Legally Grey: There is a group of pensioners studying law at the University of West London

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We are up for the challenge, says 79-year-old fresher Maureen Matthews

Image via BBC

It would appear age really is just a number — if this group of law freshers at the University of West London (UWL) is anything to go by, anyway.

Of the approximately 25 over-70s that start full-time undergraduate degrees each year, a number have ended up in UWL’s law lecture theatres. Mike Derks, a law lecturer at UWL, thinks this is a good thing. He told Legal Cheek:

“Having a range of backgrounds and ages makes for a far richer university experience, and is something that all our students benefit from. Higher education makes such a huge difference and we are delighted to provide this opportunity.”

One of these over-70s is Maureen Matthews. At the sprightly age of 79, she has embarked on three-year law degree at the university in Brentford, West London.

“You may look at me and see an older face — as may many young people,” she told the BBC. “But through my eyes I’m experiencing the same aspirations that I had before. It’s always been to engage in involving myself in education.”

Ditching Countdown for contract law, Matthews now attends lectures alongside her ambitious training contract and pupillage-hunting peers. Unfazed, she explained:

“All older people are capable of being up for a challenge. They’ve been through life where they’ve had to meet many challenges. I would say to older people, recognise the fact that your hearing may have decreased, your eyesight may not be as good as it was before, maybe you can’t use the computer very well, but think about strategies that will enable you.”

Matthews, despite being almost 80, even took part in UWL’s freshers’ week. We wonder if she enjoyed the Jägerbomb-fueled bar crawl or the traffic light party the best.

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Incredibly, Matthews isn’t the oldest law student to grace the lecture theatres of UWL this year.

Matthews’ pal Craigan Surujballi is 84-years-old and shows no signs of slowing down. With a desire to continue educating himself, Caribbean-born Surujballi wants to use his law degree to help people with legal issues at his local Citizens Advice centre.

But who is to say a career in legal practice is off the cards?

Across the pond, a corporate lawyer at US outfit Skadden recently celebrated his 100th birthday. Bentley Kassal fought in World War II and has no intention of retiring.

Whether Matthews and Surujballi end up going into law or not, they certainly have the respect of their more fresh faced UWL law students. “Maureen and Craigan are an inspiration to all of us,” said LLB-er Omar Idrees. He continued:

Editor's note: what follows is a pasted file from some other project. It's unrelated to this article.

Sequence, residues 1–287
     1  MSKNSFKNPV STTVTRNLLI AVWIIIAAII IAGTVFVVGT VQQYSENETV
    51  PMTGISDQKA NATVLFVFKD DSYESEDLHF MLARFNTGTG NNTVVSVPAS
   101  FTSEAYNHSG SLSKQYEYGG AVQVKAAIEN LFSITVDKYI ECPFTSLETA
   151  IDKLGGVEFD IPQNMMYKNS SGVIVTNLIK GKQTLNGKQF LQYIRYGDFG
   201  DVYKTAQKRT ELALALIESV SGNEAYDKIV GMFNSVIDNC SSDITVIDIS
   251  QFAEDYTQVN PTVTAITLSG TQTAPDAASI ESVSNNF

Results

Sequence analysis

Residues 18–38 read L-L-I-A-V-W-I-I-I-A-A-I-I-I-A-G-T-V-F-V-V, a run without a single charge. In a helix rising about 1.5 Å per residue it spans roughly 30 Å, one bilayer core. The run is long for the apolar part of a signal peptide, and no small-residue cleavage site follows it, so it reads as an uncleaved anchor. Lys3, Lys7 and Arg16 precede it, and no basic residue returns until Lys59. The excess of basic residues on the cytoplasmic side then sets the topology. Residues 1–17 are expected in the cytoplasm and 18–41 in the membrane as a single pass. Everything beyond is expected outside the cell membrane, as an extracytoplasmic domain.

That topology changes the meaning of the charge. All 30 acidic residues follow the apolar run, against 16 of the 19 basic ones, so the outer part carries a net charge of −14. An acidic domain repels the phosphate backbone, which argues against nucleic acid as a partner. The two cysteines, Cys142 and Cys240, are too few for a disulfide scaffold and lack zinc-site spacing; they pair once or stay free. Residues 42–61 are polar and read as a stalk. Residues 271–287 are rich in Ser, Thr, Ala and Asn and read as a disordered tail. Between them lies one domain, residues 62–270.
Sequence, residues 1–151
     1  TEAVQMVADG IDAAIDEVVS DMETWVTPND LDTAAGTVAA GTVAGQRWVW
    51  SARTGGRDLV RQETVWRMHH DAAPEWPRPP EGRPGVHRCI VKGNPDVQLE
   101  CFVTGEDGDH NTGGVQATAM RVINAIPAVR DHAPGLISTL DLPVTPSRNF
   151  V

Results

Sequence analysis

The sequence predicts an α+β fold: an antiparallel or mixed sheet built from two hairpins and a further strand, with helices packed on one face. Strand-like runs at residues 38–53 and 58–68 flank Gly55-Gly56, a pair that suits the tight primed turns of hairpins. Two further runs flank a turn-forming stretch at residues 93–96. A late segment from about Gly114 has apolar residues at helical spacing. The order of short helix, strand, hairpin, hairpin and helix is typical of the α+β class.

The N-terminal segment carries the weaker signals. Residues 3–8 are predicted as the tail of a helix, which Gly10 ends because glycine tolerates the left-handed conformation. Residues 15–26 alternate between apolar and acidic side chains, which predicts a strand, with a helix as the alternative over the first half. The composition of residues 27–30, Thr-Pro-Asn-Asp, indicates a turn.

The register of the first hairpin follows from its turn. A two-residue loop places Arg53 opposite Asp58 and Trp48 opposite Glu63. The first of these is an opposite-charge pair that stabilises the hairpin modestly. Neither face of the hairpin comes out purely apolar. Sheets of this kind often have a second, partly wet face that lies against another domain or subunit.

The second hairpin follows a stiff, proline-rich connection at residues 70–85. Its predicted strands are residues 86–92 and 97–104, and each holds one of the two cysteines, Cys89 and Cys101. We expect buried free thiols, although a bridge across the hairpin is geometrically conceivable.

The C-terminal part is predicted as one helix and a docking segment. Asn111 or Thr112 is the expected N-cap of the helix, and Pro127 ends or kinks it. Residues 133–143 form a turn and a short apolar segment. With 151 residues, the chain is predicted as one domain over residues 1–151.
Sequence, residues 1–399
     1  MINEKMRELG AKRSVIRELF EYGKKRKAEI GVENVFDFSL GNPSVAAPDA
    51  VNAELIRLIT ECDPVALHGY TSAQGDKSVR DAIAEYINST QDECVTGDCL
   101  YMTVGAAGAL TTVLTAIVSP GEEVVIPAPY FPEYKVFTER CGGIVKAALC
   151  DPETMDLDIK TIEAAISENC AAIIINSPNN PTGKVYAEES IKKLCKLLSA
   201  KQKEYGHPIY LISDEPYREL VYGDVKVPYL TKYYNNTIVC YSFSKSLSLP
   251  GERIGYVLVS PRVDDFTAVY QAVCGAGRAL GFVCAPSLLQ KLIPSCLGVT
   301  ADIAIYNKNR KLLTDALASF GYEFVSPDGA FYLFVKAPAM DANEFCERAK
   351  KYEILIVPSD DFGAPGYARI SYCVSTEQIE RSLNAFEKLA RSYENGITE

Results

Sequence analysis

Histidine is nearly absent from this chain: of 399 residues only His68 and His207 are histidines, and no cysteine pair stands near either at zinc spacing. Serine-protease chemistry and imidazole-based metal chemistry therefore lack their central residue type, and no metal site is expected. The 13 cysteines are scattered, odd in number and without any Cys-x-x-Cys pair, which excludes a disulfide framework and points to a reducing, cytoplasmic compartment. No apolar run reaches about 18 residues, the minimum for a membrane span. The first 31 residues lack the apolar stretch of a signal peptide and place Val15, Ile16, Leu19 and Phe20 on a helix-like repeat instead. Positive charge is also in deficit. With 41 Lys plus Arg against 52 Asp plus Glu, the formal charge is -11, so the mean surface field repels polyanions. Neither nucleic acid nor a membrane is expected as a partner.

“They’ve proved to us that no matter how old you are, no matter what life has put you through, you can walk in and say, ‘This is what I’ve always wanted to do. I’m still young, I can still do it.'”

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“Of the approximately 25 over-70s that start full-time undergraduate degrees each year, a number have ended up in UWL’s law lecture theatres.”

“a number”………anyone else have issue with this sentence?



Zero is a number when you are looking for a tenuous link to the law.



Forget AI, it’s the over-70s that are set to shake up the legal profession. I’d be very surprised if at least 60% of the magic circle’s trainee intake weren’t pensioners by 2030.



At Durham (when I was there at least) there was a contract law tutor who was, I believe, in his 70s, having studied law after retirement for fun. He was one of the best tutors I had there, given that he knew the law thoroughly but also had a lot of real world business experience to illustrate what we were learning in action.



How is this helping us to end racism against people of BME descent?

Get your priorities straight.



Ageism isn’t a problem then?



Ageism in the legal arena is a true problem in Australia. I graduated with LL.B (Hons) in the top 1% of graduating year in 2015, completed a post graduate diploma in 2016. The only paid work I have found in last year was 10 weeks replacing another lawyer (on vacation). I have now worked for free at a community legal centre for more than a year and have applied for over 150 legal roles. No luck, when I am short listed all they see is my grey hair, maybe I should get a face list and die my hair.



Raye, I was admitted in 2005 and have had the same problem. I have decided to go solo, I don’t need a law firm or a government job in legal to practice law. I will have my own firm, and provide pro bono work for those in need of legal advice and representation. No one can’t stop me. They can all go to HELL! Cheers.



Oh, forgot, I am 55 year young.


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